Trying new things and being creative is part of what makes life worth living for many young people—the fact that there are so many dangers in the world doesn't change that. And creativity has the power to redeem those risk-takers. It can overcome circumstances, change lives, enliven minds and hearts. Being creative uplifts and fulfills the spirit as nothing else does.
Although creativity is so fulfilling, there's another side to it. Creativity has long been associated not only with joy, inspiration, and fulfillment, but also with darkness, pain and sorrow. The record of people following the creative life is filled with examples of drug and alcohol problems, and other hardships. Isolation and doubt seem to dog the lives of many of the artists and inventors among us. There has even come to be a sort of mystique surrounding the angst that artists feel; a deadly glamour that can be seductive. High school students who are drawn to something deeper than the normal round of homework, sports, and dating, can be vulnerable to the attitude that being creative automatically calls for disintegration of the self. These young people need matter-of-fact mentors who are willing to address the real pitfalls of the creative path without plunging into those pitfalls headlong.
A separate notion about the creative life is the over-glorification of artistry. For example, the idea that a creative writer need only sit in a beautiful spot and take notes for a Muse, then watch the money roll in, is a laughable distortion. False pictures such as that one only let young people in for personal renditions of the "rude awakening." Creative work is among the hardest work there is, requiring not only patience for developing the skills that will allow for successful creative expression, but also a willingness to keep going through the stark uncertainties the unknown can reveal.
Conversely, some youngsters have been told that to pursue creativity is utterly impractical, the mark of an irresponsible dreamer. They are supposed to "get real," which too often means "Do exactly as you're told." In such cases, the human need to explore or express new things is pronounced to be immature, or even punished.
How do we tell the truth about creativity, without either over-glorifying it or denying its delights? To begin with, it may be useful to take an honest look at what people are likely to experience when they actively invite the unknown into their lives. And the following list of troublesome emotions is often par for the creative course:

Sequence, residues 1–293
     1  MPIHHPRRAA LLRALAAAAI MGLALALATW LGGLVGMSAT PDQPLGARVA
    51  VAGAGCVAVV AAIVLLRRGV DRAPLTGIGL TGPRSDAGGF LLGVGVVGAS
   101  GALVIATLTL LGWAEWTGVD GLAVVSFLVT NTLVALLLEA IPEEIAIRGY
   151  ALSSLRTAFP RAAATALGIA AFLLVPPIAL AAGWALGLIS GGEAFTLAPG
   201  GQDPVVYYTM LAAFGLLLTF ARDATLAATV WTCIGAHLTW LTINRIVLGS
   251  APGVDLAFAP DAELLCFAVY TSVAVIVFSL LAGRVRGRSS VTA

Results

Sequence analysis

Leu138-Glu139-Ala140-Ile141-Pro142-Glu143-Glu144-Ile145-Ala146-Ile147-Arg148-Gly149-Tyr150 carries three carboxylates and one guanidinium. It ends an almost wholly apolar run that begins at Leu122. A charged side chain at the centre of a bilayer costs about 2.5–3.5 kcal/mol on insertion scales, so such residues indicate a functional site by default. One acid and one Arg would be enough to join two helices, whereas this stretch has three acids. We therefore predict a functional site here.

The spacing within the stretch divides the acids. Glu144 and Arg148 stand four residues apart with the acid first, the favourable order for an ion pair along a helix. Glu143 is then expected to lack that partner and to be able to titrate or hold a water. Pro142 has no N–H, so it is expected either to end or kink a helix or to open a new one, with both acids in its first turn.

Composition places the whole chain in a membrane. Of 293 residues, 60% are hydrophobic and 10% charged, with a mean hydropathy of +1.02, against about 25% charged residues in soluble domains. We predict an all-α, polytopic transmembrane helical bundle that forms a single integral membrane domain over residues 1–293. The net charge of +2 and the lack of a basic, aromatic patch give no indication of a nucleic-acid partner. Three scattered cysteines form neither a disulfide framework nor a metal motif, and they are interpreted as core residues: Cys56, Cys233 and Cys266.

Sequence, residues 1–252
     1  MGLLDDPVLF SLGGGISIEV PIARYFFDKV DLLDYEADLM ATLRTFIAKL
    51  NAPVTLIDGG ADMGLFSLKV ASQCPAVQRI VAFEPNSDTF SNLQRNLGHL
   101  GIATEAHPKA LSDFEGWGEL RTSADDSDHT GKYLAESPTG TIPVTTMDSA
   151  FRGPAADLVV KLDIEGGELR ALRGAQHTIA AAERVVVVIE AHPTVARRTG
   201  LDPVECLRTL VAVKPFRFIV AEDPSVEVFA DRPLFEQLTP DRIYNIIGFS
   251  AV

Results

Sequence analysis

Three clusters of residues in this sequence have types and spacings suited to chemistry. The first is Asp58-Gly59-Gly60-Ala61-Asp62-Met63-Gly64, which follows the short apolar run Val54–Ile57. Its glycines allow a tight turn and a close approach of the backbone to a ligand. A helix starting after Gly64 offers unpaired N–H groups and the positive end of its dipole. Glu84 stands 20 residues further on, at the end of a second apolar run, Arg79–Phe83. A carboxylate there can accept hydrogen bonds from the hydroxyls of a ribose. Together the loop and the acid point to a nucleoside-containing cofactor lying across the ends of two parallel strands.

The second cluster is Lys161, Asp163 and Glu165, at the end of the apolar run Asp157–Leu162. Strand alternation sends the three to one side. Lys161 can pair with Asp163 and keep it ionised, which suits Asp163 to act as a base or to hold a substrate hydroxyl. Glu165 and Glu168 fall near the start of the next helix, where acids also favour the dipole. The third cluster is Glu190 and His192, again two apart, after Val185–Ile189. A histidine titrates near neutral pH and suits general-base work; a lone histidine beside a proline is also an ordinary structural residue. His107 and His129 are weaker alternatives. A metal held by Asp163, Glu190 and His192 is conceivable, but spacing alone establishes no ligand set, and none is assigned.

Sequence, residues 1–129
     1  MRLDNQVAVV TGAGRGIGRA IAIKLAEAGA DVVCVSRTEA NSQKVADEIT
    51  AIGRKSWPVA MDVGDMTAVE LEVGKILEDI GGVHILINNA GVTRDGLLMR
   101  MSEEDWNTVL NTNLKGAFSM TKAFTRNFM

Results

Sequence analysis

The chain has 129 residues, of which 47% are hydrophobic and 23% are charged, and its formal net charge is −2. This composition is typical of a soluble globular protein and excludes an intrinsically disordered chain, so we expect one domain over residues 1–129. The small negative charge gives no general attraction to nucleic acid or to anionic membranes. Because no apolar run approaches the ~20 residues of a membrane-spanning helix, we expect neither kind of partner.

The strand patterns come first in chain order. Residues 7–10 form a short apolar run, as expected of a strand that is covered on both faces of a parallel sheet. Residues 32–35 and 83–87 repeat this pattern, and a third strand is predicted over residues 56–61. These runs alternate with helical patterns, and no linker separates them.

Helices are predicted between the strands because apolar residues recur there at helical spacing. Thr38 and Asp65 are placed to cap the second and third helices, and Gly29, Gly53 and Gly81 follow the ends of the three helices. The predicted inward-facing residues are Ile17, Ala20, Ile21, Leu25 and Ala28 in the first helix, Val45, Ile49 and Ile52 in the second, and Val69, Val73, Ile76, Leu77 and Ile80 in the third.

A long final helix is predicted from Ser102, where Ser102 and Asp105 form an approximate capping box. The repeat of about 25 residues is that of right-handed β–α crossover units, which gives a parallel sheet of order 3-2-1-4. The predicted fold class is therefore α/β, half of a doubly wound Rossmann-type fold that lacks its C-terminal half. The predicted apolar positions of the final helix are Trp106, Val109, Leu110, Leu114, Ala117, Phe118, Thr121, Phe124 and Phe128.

This is quite a list: doubt, frustration, fear, and rejection. But knowing in advance that such emotions are not only likely, but also natural, will make them easier to get through when they arise.
By learning how to support and encourage their own creativity, young people can do themselves a lasting favor. How can this be done?
Imagination, like knowledge, increases its power. when given an honored place in a person's relationship with himself or herself. This honored place can be consciously developed and nurtured—if it isn't, the creative self may crawl underground to get away from the buffeting criticism of the outer world.
Creative efforts by beginners can be raw and graceless, seeming to invite criticism. However, the imagination needs a place where it can be honored one hundred percent. That means dropping all criticism for a while, even the sort that IS "well-deserved." Remember what Einstein said: "Anyone who's never made a mistake has never tried anything new."
The act of writing can easily lend itself to honoring the imagination. A notebook, or a password-protected file can be set aside, just for the purpose of letting the imagination run free. We can encourage young people to make an agreement with themselves that anything they write in that notebook or that file will not be shot down; will be treated like important communication coming from a friend. Developing a strong friendship with the unknown takes time, but it's worth every second devoted to it. Once that friendship is there, it's there for life. That way, when young adults encounter their own darkness, they'll make it through, even when they can't see the path.
The unknown is mysterious. It resists control, cannot be contained by formulae, refuses to be ruled. But it also bestows the sort of magic that can guide footsteps when knowledge cannot help.
Imagination isn't limited by what is present, leading the way instead to what is not. When I'm confronted by a plot problem, I no longer try to figure it out according to what I know. What's missing is what I don't know. When I surrender to that, my imagination goes walking through unknown lands, and provides me with a new take on the story. The unknown is generous that way—generous and unlimited.